BY ILENE RAYMOND RUSH
IN ;;;;, Columbus, Ohio, resident Sara
Wyen took a Saturday-morning run,
returning with pain in her left leg. A half-marathoner, Wyen, then ;;, iced and elevated her leg to treat what she thought was
an old knee injury.
“It felt like a charley horse,” she said,
“but behind my knee.” Later, a second pain
started in her left side, below her breast.
By Sunday, Wyen couldn’t walk, speak
in full sentences or draw a deep breath.
When she called her physician, he said,
“You need to go to the emergency room.
You have something called a pulmonary
embolism. I believe your life is in danger.”
A silent killer
When a clot forms deep in the leg, it is
known as a deep vein thrombosis (DVT). If
that clot breaks off, travels through the
bloodstream and lodges in a lung, it’s
called a pulmonary embolism (PE).
Together, DVT and PE are known as
venous thromboembolism, or V TE, a dangerous and potentially deadly condition.
VTE affects as many as ;;;,;;; people in the United States annually, according to the Centers for Disease Control. Up
to ;;;,;;; Americans die each year from
Symptoms of DVT include swelling in
one leg, pain or tenderness, reddish or bluish skin discoloration and warmth. PE can
cause sharp chest pain, difficulty breathing, palpitations and light-headedness.
Anyone experiencing these symptoms
should call ;;; immediately or go to an
emergency room, where an ultrasound can
determine the presence of a clot.
“What we’re talking about is the formation of clots inside blood vessels or
veins when they shouldn’t form,” says Gary
Raskob, professor and dean of public
health at the University of Oklahoma.
Two-thirds of blood clots occur as a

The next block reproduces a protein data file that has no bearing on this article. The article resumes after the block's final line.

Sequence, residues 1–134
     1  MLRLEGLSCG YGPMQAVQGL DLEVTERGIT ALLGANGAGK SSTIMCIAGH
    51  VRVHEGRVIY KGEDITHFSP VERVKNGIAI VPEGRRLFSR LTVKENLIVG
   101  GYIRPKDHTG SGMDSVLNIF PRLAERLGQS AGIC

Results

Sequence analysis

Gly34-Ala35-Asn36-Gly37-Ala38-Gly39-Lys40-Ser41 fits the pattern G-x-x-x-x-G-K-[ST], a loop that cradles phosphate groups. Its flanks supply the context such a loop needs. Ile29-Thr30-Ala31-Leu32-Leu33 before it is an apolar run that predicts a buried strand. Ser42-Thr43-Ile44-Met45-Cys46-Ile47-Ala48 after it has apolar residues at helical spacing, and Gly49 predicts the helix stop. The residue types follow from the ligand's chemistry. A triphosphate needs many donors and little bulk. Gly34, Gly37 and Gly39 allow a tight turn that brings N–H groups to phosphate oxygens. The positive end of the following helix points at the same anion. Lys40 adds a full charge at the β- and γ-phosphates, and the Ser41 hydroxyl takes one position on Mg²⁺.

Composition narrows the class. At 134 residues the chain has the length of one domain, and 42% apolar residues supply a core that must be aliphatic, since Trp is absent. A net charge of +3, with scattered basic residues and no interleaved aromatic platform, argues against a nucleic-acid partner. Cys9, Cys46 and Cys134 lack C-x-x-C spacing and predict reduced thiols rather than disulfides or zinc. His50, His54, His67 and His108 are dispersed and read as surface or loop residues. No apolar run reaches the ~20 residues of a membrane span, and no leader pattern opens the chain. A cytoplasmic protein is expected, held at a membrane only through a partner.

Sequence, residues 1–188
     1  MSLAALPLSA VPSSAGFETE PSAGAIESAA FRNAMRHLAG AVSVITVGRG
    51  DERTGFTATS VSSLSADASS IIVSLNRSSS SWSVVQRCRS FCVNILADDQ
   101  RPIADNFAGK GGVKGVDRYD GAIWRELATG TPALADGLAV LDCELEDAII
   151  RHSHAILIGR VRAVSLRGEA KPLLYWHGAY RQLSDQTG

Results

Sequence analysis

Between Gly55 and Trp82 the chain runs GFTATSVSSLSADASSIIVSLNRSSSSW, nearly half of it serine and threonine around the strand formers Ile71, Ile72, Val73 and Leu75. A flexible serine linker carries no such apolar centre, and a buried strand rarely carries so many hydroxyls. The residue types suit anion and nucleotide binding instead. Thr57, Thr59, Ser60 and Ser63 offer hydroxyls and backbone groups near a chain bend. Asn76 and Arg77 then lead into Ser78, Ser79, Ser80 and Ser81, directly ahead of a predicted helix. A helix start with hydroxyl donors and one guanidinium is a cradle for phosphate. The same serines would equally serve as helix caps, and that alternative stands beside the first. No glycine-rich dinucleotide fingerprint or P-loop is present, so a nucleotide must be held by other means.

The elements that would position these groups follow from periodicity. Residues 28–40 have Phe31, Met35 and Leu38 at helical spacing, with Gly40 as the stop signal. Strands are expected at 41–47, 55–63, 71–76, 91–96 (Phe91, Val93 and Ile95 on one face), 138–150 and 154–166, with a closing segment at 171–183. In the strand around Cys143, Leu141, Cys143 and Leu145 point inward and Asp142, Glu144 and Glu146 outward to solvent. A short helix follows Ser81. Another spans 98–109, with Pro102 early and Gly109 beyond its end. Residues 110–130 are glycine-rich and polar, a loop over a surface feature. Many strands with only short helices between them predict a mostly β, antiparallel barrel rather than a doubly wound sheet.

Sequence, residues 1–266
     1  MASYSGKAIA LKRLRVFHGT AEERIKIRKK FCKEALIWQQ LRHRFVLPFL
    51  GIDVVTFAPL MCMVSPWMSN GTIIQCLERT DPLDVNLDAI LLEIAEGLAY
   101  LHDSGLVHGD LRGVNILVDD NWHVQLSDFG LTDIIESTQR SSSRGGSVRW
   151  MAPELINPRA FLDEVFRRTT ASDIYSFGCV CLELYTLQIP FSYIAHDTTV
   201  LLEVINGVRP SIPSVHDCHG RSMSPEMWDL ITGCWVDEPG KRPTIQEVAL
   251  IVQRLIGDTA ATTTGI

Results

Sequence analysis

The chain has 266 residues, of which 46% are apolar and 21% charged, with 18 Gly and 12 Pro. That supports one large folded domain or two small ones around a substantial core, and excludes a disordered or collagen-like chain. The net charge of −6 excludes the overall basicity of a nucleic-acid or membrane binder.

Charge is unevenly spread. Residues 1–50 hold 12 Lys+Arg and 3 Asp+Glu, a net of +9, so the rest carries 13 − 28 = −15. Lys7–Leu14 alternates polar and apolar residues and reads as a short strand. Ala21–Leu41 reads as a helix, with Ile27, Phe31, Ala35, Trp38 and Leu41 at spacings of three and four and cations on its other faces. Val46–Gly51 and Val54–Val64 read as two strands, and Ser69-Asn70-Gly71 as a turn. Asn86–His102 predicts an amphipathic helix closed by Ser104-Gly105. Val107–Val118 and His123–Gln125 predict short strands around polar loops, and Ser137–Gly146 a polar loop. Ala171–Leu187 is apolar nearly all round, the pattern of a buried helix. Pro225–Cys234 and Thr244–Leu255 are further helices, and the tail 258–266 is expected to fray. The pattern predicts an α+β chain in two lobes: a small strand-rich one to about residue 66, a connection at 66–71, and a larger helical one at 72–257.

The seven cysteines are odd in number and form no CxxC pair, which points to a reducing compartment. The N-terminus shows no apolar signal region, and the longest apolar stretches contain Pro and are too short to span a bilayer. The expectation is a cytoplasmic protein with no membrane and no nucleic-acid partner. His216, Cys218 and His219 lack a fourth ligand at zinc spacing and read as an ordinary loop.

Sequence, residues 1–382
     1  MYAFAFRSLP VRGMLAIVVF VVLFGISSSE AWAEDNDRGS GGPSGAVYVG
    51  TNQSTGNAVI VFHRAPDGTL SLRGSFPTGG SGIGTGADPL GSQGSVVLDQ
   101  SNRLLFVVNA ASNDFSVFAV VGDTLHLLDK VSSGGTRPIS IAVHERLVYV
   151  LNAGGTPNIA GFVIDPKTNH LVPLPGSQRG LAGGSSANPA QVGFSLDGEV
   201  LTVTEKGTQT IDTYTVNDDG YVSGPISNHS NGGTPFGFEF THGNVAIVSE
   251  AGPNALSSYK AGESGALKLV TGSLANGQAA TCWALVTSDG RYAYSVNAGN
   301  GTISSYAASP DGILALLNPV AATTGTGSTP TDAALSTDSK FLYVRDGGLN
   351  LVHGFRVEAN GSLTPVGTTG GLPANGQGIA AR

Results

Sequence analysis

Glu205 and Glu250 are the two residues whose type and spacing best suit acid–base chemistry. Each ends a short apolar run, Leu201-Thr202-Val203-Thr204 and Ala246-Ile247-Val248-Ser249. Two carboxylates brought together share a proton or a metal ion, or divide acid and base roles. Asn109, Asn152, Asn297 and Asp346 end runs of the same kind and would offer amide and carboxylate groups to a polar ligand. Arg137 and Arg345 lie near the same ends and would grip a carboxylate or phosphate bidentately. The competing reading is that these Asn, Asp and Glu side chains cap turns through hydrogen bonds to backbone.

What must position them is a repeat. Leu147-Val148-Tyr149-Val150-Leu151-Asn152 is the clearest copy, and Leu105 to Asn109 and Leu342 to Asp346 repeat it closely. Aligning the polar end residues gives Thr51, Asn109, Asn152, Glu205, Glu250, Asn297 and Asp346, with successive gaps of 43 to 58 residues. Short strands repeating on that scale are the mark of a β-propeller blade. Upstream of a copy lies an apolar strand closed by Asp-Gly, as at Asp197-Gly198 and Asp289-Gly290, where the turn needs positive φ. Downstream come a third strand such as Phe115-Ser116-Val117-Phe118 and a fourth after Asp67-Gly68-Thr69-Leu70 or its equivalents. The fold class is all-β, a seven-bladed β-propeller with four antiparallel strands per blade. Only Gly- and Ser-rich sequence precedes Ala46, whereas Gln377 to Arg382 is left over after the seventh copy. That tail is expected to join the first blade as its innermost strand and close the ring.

result of hospitalization or after hospitalization, says Dr. Jack Ansell of the
National Blood Clot Alliance. He recommends a proactive response: “When you
enter the hospital for surgery, ask your
doctor, ‘What are you going to do to prevent a blood clot in my leg?’ More and
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more doctors are aware of the problem
and are using low doses of blood thinners
to prevent blood clots.”
Immobility, which causes blood to
pool in the veins; problems with proteins
in the blood that balance bleeding and
clotting; and damage to a vein or blood
vessel caused by injury or surgery can all
spur blood clots.
To combat clots, experts suggest moving around every two or three hours if
you’ve been sitting in a car, plane or train;
maintaining a healthy weight; and quit-ting or avoiding smoking.
Back in the swing
After ;; days in the hospital, Wyen
went home in a wheelchair, on oxygen, her
legs encased in compression stockings to
aid circulation, and on Coumadin, a blood
thinner, convinced that “my life was over.”
Her doctor told her to expect a one- to two-year recovery.
Treatment for VTE often involves
blood thinners. While older anticoagulants required frequent tests to check if
dosages were in a therapeutic range, newer
drugs are more predictable and have fewer
dietary restrictions, says Dr. Elaine
Chiang, a hematologist at Penn Medicine.
“Once you have a clot, it’s important to
see a hematologist, a doctor specializing in
thrombosis and clotting disorders,” she
says. “Having a blood clot is not a one-
and-done issue. We need to evaluate if
blood thinners are doing their job and if
they need to be adjusted down the road.”
Recently, Wyen’s doctor told her, “You
were so sick, Sara, I didn’t know if you’d
“I’m really fortunate,” she says. C
Ilene Raymond Rush is a freelance health writer.
National Blood Clot Alliance
World Thrombosis Day
OUR DIGITAL EDITIONS
Click here for a video with information
on thrombosis treatment and prevention. (See page 10 for details.)
of a blood clot